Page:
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World first as Sunday paper prints comic unique to each copy

A Sunday newspaper printed a cartoon strip unique to each copy of this week’s edition, in what is thought to be a world first.

The Sunday Post has made use of publisher DC Thomson’s new printing system, which allows the creation of bespoke individual editions of newspapers to be published.

The innovation by DC Thomson’s printing arm Discovery Print means it is possible to change what is to be printed without swapping plates on the press.

Yesterday’s edition of the Dundee-based Post saw its comic strip The Broons printed with bespoke competition codes – and different endings to the story.

A strip trailing this Sunday's edition of The Broons

A strip trailing this Sunday’s edition of The Broons

The codes allowed up to 500 readers to claim a cash prize, with a total of £10,000 up for grabs.

Launched in March, DC Thomson’s digital printing head sprays one billion droplets of ink per second, allowing it to change text and images without slowing down the speed of the printing press.

It can produce unique content on each paper at a speed of 90,000 copies per hour.

Guy Forester, the company’s head of operations (newspapers), said: “We’re one of only two printers in the UK with this technology, so as far as I’m aware The Broons cartoon strip is the first ever variable data strip that has been produced in the UK newspaper marketplace, possibly even the world.”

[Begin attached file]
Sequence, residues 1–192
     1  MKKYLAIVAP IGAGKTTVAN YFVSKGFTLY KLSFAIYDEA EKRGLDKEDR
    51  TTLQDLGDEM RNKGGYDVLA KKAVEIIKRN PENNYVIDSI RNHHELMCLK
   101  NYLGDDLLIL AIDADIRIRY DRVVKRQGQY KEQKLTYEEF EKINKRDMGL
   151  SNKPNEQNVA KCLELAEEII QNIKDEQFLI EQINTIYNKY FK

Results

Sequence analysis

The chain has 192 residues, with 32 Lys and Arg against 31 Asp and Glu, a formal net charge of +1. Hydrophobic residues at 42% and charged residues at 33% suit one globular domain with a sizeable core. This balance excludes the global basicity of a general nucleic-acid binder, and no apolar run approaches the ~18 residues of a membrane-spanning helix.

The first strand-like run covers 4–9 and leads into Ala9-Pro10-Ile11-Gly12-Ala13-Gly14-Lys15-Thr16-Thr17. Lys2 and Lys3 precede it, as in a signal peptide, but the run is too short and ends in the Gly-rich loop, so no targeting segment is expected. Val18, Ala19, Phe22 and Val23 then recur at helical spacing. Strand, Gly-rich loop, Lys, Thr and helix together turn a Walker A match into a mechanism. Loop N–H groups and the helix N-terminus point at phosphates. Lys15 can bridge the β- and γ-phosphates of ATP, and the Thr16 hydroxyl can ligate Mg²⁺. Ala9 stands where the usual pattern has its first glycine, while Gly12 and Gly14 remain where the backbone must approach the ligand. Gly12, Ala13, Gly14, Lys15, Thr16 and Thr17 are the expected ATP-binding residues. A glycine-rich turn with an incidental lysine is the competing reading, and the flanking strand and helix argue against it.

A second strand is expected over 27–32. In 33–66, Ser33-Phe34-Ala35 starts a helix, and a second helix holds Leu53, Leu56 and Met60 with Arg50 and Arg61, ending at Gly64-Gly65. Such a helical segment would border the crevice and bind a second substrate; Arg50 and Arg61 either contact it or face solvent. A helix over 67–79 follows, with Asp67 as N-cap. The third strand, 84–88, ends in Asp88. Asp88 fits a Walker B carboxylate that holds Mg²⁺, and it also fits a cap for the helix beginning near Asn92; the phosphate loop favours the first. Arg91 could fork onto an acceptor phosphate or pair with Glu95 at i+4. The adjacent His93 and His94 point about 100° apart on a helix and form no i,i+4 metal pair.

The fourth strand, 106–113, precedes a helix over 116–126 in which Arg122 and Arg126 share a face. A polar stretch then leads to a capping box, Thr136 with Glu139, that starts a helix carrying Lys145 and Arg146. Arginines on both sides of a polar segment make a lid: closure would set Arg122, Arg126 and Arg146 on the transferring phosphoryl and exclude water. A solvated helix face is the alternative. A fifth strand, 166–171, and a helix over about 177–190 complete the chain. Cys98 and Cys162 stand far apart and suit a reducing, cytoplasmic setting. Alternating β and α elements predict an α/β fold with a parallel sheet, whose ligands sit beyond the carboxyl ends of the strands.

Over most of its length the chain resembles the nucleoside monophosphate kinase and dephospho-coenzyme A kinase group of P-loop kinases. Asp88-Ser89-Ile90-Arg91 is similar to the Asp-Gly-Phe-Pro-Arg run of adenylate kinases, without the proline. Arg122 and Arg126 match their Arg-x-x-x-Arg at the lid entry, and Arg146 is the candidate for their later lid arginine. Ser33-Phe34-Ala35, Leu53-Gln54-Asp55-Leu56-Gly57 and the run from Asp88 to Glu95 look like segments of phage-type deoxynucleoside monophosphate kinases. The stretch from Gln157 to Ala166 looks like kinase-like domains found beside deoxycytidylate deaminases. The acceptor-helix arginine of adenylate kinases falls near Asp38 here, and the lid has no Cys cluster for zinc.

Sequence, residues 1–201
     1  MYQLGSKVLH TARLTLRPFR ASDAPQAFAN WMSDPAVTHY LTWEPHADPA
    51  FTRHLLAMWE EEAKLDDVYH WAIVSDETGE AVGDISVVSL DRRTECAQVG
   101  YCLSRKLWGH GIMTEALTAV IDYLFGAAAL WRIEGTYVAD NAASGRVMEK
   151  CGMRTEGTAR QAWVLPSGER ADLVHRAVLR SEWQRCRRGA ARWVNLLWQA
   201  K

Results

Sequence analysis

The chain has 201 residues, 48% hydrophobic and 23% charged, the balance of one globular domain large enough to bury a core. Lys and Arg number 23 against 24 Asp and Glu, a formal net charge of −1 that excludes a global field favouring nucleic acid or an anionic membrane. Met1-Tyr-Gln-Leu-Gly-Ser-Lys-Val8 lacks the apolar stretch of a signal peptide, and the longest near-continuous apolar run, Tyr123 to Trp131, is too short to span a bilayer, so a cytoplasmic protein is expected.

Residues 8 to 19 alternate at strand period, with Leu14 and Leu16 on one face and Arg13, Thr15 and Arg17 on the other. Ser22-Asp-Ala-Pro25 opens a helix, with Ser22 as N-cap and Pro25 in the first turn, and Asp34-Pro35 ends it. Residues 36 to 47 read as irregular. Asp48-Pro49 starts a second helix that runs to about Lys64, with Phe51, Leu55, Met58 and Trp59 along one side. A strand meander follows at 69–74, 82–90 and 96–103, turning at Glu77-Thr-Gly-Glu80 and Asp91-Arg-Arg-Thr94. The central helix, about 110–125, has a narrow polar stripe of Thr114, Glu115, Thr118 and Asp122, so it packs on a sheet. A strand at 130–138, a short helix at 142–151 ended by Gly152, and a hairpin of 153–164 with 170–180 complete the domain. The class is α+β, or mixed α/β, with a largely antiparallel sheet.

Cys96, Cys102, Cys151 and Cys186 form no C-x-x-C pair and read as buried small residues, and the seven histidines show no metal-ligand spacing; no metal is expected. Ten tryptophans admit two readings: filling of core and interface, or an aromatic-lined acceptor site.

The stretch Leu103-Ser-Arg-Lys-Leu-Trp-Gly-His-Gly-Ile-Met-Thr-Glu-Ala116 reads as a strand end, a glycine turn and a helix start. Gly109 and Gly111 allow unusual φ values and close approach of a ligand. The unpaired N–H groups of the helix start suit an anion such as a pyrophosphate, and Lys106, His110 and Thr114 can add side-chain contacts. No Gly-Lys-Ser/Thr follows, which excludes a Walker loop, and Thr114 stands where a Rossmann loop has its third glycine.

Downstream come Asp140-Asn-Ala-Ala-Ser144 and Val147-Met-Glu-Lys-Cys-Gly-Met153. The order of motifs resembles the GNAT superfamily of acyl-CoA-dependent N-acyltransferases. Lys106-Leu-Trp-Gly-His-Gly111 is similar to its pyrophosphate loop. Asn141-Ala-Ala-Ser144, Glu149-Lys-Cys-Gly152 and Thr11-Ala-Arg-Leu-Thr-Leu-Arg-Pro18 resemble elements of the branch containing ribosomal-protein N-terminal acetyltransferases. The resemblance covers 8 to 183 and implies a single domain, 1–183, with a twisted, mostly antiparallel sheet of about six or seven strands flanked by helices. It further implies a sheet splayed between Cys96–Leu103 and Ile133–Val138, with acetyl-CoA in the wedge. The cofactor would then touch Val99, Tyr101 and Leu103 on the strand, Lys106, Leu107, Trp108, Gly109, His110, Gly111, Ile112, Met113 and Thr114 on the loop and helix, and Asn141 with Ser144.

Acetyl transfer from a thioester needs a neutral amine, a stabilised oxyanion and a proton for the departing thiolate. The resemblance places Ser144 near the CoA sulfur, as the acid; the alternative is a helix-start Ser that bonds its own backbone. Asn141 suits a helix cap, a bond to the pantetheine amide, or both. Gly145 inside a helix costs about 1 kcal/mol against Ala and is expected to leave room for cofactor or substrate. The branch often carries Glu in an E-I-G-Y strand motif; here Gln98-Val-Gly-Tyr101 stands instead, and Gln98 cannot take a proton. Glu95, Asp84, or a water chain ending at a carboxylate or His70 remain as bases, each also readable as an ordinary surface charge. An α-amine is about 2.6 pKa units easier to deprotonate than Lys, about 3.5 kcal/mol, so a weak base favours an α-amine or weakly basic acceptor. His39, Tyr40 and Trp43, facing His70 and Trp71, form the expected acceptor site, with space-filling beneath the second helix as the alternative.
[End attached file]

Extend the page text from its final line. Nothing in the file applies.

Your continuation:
Donald Martin, Sunday Post editor-in-chief, added: “The digital print head offers exciting new capabilities and fresh ways to engage our readers and advertisers in Scotland and the North of England.

“It has been a genuine team effort with editorial, our writers, artists and graphic designers, working alongside colleagues in operations, production, marketing, advertising and enterprise to create this imaginative reader offer.”


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  • July 27, 2015 at 12:43 pm

    What a spectacularly wonderful exercise in attempting something utterly pointless.

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  • July 27, 2015 at 1:36 pm

    Us sassenachs didn’t get it. Oor Wullie is still funny though.

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  • July 27, 2015 at 5:46 pm

    Well it’s clearly not pointless, is it, Slate Grey, because the report states quite clearly that it was used as part of a reader competition. Therefore, it serves a purpose. In a bid to maximise revenue, newspapers have to consider requests these days for all kinds of sponsored pages, supplements, special editions, bulk orders for special events, etc, but have to weigh up the potential costs of additional print runs, plate changes etc. This kind of technology would seem to allow for many innovative ideas.

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  • July 27, 2015 at 10:16 pm

    Sound like an innovative concept! Need to try new ideas to keep print competitive!

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